Many people know, or think they know, how to market a home. Maybe you’re a decorator or a contractor. Maybe you’re a photographer or an architect. Maybe you’re actually in the advertising business, or work for the newspaper.
All those kinds of skills and experience can be very helpful to you and your agent. A smart agent will know how to use them to your best advantage. He/she will also know when not to use them.
Say you’ve signed the listing contract, the pictures have been taken, the listing has been entered into MLS and the ads have been placed. Your first open house is starting, someone’s already at the door and your agent goes to greet them.
“I like this house,” the guest says after looking around, “But OMG, the carpet absolutely has to go – nobody uses carpet anymore – and the colors are terrible!”
“I like the house, too,” says her husband, “But somebody really messed up. Are you sure that lanai’s permitted?” he asks in a challenging tone, “Because it’s going to take some bucks to fix it.”
Now, you and your agent both know that the colors were chosen specifically because they’d go with just about any décor, the carpet was installed in bedrooms for comfort underfoot, the lanai absolutely was built with a permit and there’s nothing wrong with it. You are a professional decorator and your husband, a licensed contractor, built the lanai himself. He’s very proud of his “baby.”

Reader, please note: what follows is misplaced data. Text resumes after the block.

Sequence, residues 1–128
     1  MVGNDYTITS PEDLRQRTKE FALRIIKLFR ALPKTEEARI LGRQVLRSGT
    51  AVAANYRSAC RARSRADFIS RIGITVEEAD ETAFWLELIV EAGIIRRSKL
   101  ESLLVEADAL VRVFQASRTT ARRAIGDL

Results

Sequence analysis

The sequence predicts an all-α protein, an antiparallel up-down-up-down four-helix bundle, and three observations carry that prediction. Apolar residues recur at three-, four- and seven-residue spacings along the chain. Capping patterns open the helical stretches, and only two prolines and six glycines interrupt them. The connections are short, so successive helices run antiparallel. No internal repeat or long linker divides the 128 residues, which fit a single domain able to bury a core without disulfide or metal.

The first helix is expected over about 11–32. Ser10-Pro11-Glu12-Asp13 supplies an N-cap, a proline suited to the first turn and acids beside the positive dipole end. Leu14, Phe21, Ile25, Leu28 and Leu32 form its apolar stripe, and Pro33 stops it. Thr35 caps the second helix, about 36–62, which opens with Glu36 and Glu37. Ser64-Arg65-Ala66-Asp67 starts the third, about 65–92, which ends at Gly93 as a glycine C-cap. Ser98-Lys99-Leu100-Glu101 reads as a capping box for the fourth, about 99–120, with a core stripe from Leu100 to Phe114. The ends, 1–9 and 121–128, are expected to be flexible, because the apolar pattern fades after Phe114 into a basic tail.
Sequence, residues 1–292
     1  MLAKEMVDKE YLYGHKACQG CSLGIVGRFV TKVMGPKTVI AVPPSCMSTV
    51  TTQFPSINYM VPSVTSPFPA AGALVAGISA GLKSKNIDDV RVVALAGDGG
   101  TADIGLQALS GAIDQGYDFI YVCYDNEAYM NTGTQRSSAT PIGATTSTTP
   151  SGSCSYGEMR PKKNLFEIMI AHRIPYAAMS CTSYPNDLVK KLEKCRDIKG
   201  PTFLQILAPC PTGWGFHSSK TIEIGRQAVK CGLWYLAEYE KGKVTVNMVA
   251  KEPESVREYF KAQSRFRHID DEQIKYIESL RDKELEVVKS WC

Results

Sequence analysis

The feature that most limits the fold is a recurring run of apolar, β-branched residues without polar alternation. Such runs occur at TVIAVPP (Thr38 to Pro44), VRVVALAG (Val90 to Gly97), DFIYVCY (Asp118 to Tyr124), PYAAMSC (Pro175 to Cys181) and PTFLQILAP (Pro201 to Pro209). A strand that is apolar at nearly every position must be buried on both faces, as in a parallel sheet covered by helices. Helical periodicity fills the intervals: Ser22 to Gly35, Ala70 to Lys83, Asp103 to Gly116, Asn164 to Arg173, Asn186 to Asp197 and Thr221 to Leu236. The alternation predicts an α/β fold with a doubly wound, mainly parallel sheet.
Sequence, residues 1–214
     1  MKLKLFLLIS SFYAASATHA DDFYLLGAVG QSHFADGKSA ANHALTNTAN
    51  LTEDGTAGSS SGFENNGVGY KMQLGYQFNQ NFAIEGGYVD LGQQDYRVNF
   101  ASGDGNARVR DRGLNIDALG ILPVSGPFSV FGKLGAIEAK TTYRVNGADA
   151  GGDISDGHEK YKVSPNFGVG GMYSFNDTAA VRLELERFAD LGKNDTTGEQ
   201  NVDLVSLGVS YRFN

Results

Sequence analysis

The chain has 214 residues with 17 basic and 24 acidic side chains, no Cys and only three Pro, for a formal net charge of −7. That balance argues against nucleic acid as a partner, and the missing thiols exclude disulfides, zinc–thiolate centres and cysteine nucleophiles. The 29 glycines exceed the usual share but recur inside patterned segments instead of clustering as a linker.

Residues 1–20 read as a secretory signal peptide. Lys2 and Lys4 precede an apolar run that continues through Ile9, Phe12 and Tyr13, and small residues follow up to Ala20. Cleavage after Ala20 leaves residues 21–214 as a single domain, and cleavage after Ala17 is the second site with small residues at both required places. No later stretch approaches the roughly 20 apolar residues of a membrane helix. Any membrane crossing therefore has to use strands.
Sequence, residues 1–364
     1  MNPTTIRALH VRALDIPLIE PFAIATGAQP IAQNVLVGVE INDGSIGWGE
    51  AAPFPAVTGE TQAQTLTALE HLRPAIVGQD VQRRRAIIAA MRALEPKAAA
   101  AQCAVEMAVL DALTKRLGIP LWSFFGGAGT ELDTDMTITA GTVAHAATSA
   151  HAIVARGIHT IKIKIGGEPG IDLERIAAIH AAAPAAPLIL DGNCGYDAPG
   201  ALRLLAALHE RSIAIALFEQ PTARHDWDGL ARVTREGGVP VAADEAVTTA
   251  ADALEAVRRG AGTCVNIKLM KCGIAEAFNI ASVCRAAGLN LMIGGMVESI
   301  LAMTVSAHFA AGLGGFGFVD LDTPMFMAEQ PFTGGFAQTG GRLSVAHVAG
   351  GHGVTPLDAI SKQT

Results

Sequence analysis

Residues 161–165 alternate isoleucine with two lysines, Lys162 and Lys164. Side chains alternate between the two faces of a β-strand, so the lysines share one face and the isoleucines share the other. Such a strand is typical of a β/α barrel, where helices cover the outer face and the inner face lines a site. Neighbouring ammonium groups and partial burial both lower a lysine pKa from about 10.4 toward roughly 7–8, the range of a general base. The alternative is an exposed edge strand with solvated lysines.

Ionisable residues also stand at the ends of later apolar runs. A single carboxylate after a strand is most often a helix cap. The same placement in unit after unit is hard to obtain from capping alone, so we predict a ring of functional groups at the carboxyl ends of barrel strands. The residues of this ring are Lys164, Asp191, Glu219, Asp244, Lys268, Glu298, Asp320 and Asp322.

But what your agent also knows is that people visiting open houses don’t usually stick around asking questions and talking if they’re not interested. They politely leave and go on to the next. So… it could be that this couple wants to use negative feedback in hopes of softening the seller’s attitude about price. Or… it could also be that they’re expressing real concerns about permits, and really don’t like the colors, heaven knows why.
Your agent picks up the file folder on the table. “Here’s the lanai permit,” she says, handing it over and adding, “Would you like to see the remote-controlled hurricane shields they installed out there?”
Her reply had a two-fold intent. First, she directly addressed one of their concerns with a straight answer, but secondly, their answer to her question would indicate their level of interest, telling her if she should spend more time with them.
She not only showed them the permit, she told them about something of benefit that they hadn’t noticed before, turning negative commentary into positive interest.
What would you have done in that seller’s place? Would you have become defensive or hostile, taken their remarks personally and lost that potential buyer before finding out his true level of interest? Probably. And it’s only natural. No one is objective about his own home. But when you’re selling it, you need someone who is objective and cool-headed, who has the patience to listen and find out whether that buyer is just a jerk, trying to be obnoxious, or just a jerk, trying to play games about a house he’s really interested in.
And bye the bye, dealing with jerks is a key reason for hiring an agent who has the skills to take those lemons thrown at her and see if she can turn them into lemonade. Sometimes it works, sometimes it doesn’t, but either way, she hasn’t left the stone unturned, and that’s what you want.
Newspaper ads and signage, online presence, open houses and glossy photo brochures are all great, helpful and necessary. But there’s no substitute for a knowledgeable agent who has the experience and skills necessary to deal with all kinds of people, and whose positive attitude draws those people in, gets them talking and makes them excited and interested about your home.
That’s what marketing is all about.